The Urbit Thread - Why you shuold use Urbit, and so should your mom

Shoggoth

kiwifarms.net
What the fuck is Urbit and why is it the solution for everything?
Or - why you should use Urbit, and so should your mom.

Urbit is an ambitious project by one absolute madman (Mencius Moldbug aka Curtis Yarvin) to reinvent the Internet from scratch.

In Yarvin's conception, which I accept and will refer to from hereon, the Internet has failed in its purpose.

The internet was supposed to be a peer to peer network where you'd talk to other operators. It has become a wasteland of clients who all access servers in a manner very similar to terminals and mainframes of old. Total fail.

The three main ways in which the Internet has failed:
  • Data are pwned.
  • The system is pwned.
  • Identity is pwned.

Data:
It is clear that we do not own our data. We are more like data cows for big spy conglomerates. Our data is locked in. From the content we produce to our contacts and metadata (muh feeds, muh tags). Most protocols are not open, too.

System:
The web sucks. Modern software sucks. Everything is bloated. You couldn't read your operating system's kernel if you wanted to, because it's too freaking long. Critical parts of infrastructure can turn out to be a library maintained by a thankless developer for over a decade. Not a stable model.

Identity:
Not only do we not own our data, we don't own our identity. We have no control over how our data is stored and handled. Data breaches and hacks are common. But worse is that we trust any of the services which proxy our identity with it, i.e. if service is discontinued for any reason, by either the service itself or because it got taken down (KF, Gab, Parler) the identity goes with it.

This is such a big mess that Yarvin has decided to throw it all out and go back to basics. How would a computer designed by smart Martians would look like?

Urbit encompasses many aspects. It is an identity model, a network for said identities, a formal spec, a virtual machine (VM), an operating system, set of protocols and an application suit.

By starting from a minimal and axiomatic specification, Urbit can remain small and simple. This solves the system problem.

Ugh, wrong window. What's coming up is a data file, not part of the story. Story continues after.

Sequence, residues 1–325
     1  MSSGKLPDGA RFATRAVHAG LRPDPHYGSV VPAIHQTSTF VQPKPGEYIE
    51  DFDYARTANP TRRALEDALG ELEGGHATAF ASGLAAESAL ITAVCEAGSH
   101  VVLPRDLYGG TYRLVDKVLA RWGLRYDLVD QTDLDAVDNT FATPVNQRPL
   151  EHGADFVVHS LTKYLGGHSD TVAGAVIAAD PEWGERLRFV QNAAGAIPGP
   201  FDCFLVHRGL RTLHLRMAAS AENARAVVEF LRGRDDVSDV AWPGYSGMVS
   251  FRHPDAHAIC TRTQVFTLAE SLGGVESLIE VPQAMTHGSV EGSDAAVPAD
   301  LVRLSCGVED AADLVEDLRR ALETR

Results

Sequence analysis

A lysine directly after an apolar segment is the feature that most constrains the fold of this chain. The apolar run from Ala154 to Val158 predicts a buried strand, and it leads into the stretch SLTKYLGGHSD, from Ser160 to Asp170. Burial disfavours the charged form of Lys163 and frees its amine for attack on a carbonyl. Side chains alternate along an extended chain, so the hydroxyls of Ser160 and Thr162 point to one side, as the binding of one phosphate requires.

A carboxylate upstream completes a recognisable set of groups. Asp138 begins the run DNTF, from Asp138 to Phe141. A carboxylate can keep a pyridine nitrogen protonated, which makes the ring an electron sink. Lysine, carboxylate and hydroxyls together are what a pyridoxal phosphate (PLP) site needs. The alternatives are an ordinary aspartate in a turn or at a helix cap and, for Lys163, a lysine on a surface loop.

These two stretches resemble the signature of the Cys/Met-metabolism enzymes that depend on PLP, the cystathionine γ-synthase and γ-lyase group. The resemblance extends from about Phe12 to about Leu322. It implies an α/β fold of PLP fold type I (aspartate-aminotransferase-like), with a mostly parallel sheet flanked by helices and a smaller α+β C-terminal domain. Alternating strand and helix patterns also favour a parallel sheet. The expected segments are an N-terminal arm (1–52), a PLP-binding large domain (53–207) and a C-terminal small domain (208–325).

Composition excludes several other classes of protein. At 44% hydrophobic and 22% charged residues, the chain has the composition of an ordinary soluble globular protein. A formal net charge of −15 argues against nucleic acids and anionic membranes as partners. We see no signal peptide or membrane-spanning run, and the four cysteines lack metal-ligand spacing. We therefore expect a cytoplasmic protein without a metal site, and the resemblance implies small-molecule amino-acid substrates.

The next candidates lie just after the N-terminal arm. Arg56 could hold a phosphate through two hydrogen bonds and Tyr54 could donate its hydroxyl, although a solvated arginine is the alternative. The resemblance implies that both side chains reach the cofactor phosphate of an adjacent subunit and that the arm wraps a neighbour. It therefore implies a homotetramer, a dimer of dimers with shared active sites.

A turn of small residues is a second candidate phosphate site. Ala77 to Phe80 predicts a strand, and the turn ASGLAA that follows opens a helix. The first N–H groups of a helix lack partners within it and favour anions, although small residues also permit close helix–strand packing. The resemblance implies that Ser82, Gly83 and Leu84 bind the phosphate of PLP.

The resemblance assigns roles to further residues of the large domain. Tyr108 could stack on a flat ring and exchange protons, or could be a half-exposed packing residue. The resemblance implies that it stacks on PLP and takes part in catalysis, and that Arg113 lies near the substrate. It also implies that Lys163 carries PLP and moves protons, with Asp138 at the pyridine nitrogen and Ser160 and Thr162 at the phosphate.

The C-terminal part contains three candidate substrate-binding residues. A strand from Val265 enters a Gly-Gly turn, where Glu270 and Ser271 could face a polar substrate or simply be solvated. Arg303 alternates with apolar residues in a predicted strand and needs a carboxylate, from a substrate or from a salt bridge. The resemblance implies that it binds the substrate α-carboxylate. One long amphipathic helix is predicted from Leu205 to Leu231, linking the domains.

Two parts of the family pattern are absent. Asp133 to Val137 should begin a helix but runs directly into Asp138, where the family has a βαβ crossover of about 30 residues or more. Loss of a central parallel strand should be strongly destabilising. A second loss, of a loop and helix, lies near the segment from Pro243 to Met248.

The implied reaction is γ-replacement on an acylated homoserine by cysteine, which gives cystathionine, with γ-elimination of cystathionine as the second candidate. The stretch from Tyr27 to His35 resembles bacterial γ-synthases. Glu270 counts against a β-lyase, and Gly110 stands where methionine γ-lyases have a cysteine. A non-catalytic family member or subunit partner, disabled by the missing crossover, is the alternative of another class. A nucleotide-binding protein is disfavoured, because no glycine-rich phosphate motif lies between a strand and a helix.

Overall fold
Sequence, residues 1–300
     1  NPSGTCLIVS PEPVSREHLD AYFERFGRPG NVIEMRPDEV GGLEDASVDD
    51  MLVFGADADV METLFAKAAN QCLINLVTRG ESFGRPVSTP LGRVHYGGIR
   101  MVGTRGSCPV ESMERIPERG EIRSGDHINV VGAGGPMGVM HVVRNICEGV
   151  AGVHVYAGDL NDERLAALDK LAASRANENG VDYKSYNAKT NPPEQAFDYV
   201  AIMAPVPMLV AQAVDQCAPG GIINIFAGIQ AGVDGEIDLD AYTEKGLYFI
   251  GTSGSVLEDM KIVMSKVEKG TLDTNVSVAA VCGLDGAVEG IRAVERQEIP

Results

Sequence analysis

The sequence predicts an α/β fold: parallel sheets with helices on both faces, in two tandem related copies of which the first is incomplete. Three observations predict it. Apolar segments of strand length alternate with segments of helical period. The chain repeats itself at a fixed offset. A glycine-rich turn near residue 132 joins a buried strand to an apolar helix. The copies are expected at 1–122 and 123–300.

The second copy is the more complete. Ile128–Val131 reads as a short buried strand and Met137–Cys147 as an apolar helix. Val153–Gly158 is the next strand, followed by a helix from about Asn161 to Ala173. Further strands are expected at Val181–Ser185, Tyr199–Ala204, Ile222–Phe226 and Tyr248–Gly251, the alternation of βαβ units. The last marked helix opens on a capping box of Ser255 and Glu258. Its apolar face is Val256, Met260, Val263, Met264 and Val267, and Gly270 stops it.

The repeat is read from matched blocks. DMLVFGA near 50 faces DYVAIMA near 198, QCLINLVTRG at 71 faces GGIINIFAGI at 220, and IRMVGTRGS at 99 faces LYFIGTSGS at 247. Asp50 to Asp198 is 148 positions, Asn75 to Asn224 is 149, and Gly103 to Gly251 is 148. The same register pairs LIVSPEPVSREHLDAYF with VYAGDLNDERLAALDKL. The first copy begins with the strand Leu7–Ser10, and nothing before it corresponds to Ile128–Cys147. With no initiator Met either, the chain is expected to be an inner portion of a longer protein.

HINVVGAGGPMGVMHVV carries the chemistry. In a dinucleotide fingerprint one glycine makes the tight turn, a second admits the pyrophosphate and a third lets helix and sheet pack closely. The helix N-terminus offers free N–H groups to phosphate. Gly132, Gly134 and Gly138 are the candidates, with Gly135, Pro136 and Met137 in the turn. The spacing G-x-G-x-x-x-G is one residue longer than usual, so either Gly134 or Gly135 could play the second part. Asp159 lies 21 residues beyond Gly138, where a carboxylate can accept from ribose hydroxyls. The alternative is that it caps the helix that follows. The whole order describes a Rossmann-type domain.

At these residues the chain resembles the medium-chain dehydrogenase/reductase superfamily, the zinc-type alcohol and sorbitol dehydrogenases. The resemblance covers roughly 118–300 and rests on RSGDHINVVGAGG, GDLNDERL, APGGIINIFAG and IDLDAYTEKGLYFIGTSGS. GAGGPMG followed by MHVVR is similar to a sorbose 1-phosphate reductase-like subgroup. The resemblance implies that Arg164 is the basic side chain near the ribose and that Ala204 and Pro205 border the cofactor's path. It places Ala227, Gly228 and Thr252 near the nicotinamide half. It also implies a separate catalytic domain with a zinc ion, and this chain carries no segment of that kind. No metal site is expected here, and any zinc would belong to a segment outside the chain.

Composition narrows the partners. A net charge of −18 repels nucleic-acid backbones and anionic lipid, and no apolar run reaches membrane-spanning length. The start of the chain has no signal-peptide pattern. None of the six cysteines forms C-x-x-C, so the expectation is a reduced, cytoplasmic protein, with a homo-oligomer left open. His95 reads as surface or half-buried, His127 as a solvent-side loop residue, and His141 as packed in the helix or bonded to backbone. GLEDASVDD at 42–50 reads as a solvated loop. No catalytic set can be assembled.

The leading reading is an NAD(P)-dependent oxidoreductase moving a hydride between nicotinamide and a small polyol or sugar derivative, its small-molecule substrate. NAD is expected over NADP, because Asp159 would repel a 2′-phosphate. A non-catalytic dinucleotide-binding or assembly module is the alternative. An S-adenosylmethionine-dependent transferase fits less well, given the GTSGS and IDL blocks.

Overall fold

By providing an identity model and network, the identity problem is solved.
By fixing identity and the system and some careful design you can solve the problem with data.

I won't go too much into technical details in this overview because there's a lot to cover anyway.

Urbit is a personal server (personal as in personal computer) which unifies services, data and identity. It is not a social network, a secret club, or functional programming hour with moldbug (unless you want it to be).

The names of everything are stupid. You get used to it.

The components of Urbit:
  • VM: The Urbit VM is called Nock. It is formally specified and very simple to understand. You can write your own Knock implementation in an afternoon if you know how to program.
  • Higher level programming language: Hoon. Like Urbit's C, but looks like it was written by a guy on acid. He probably was on acid.
  • Operating system: Does everything you'd expect an OS to do. Includes network stack, file system, application sandbox, web server, gatewawy, and Lanscape, a social agent
  • Urbit executable: Urbit is a static executable. Stupidly easy to run, zero dependencies or orchestration.
  • Landscape: When you run an Urbit process, by navigating to localhost:8080 you can access a web client for Urbit's social functions. As of April 2021 it supports DMs, groups (aggregates of channels), channels of three types: chat (like discord, slack, w.e.), index (link dump, similar to HN) and notebook (text publishing in markdown, embeds images, etc.)
  • Identity: Every process running on the Urbit network is tied to a cryptographically signed identity with which all communications are signed and verified. Routing is source independent, i.e. it does not matter which machine it came from, by way of which machines, but *who sent it*. Ownership of the Urbit identities is managed and transferred on the Ethereum network. It's like a NFT, but actually useful and worth a damn. This is used only to get your Urbit keys, nothing more. The identity is artificially scarce and costs ETH which prevents bots, Sybil attacks, sock puppets and other annoyances.